biomedsearch.com/nih/Maternal-stress-white-coat-syndrome/16411539.html

*  Barriers and facilitators of adherence to medical advice on skin self-examination during melanoma follow-up care.

Adaptation, Psychological. Adult. Communication Barriers. Female. Follow-Up Studies. Health Behavior. Health Education / ... Another limitation of previous research is that key psychological variables, such as psychological distress, coping and ... Chan YM,Lee PWH,Fong DYT,Fung ASM,Wu LYF,Choi AYY,Ng TY,Ngan HYS,Wong LC,Effect of Individual Psychological Intervention in ... The SSE Attitude Scale, an adaptation of Manne's SSE Benefits and Barriers Scale [45], assesses perceptions of SSE importance, ...
biomedsearch.com/nih/Barriers-facilitators-adherence-to-medical/23448249.html

*  Personality characteristics and serum IgE level in patients with atopic dermatitis.

Adaptation, Psychological. Adult. Chronic Disease. Dermatitis, Atopic / immunology*, psychology*. Female. Humans. ...
biomedsearch.com/nih/Personality-characteristics-serum-IgE-level/8410749.html

*  Wild Bunch Archives

Paul Verhoeven to Direct Adaptation of Psychological Thriller OH… For Wild Bunch. by Matt Goldberg May 6, 2014 8 ...
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*  Search Results - HKUST Institutional Repository

6 Adaptation, Psychological * 6 Questionnaires *more .... * 3 Cognition * 3 Life Change Events ... Psychological responses to outbreak of severe acute respiratory syndrome: A prospective, multiple time-point study ...
repository.ust.hk/ir/Search/Results?type=AllFields&sort=year&filter[]=dept:"SOSC"&filter[]=topic_facet:"adult"

*  Articles about Novel - tribunedigital-sunsentinel

Clarke wrote the deep, psychological adaptation of the novel.. NEWS. Teacher of the year writes novels to engage students. ... A writer of psychological suspense of unusual literary quality, Auster takes clearly drawn and likable characters, places them ...
articles.sun-sentinel.com/keyword/novel

*  Krista M. Aronson | Faculty Expertise | Bates College

Scottham, K., & *Dias, R. (2010). Acculturative strategies and the psychological adaptation of Brazilian migrants to Japan. ...
bates.edu/faculty-expertise/profile/krista-m-aronson/

*  Psychology (MsC/Ph.D) - Unisinos

Research: Burnout Syndrome; Moral Harassment; Workaholism; Technostress; Occupational Coping; Adaptation of Psychological ... Areas of Interest: Health Psychology: psychological implications of chronic diseases, quality of life, psychological resources ... Psychological Treatment (2 credits) - Workshop on Projects I (2 credits) - Workshop on Projects II (2 credits) - Seminar on ... Taking the psychological practice in a broader sense and considering the social changes and needs of the contemporary world, ...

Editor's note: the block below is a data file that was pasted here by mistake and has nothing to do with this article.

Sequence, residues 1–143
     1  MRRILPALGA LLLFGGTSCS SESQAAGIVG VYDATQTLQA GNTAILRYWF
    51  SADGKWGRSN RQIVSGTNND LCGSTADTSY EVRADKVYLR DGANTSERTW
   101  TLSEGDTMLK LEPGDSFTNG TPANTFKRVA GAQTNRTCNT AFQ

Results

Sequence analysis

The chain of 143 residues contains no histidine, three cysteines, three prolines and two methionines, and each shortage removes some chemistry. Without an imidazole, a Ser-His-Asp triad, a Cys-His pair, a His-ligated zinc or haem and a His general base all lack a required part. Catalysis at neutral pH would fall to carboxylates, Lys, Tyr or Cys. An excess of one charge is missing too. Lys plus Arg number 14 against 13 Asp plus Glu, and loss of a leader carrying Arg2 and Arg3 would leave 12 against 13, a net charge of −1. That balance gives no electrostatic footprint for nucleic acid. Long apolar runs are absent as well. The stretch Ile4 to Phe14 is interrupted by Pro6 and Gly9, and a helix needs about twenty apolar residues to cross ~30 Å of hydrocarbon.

unisinos.br/global/en/prospective-student/graduate/psychology

*  exercise | physical fitness | Britannica.com

Individuals differ in both physiological and psychological adaptations to exercise. Two people who are similar in many respects ... Physical conditioning refers to the development of physical fitness through the adaptation of the body and its various systems ... The principle of specificity derives from the observation that the adaptation of the body or change in physical fitness is ...
https://britannica.com/topic/exercise-physical-fitness

*  Spiritual Well-Being, Depressive Symptoms, and Immune Status Among Women Living with HIV/AIDS

... psychological adaptation (Kelly, 2004; Lorenz et al., 2005; Simoni et al., 2002; Sowell et al., 2000), influence health ... Applied Psychological Measurement. 1977;1:385-401.. *Radloff LS, Locke BZ. The community mental health assessment survey and ... Spirituality, psychological well-being, and HIV symptoms for African-Americans living with HIV disease. Journal of the ... The role of spirituality in sustaining the psychological well-being of HIV-positive Black women. Women & Health. 2007;46:113- ...
pubmedcentralcanada.ca/pmcc/articles/PMC2699019/?lang=en-ca

*  Tai Chi Chih and Varicella Zoster Immunity - Full Text View - ClinicalTrials.gov

... demonstrate that TCC can produce significant changes in psychological adaptation, health behaviors, and health functioning and ... assess whether changes in psychological adaptation, health behaviors, and health functioning correlate with changes in VZV ... specific immunity measures of psychological adaptation and health function in the older adult. ... Considerable evidence further shows that psychological stresses salient in the older adult correlate with impairments of ...
https://clinicaltrials.gov/ct2/show/study/NCT00029484?view=record

*  Elaine Tierney - Fingerprint - Johns Hopkins University

Fingerprint Fingerprint is based on mining the text of the experts' scientific documents to create an index of weighted terms, which defines the key subjects of each individual researcher. ...
https://jhu.pure.elsevier.com/en/persons/elaine-tierney/fingerprints/

*  Evolutionary psychology: An emerging integrative perspective within the science and practice of psychology by Leif Edward...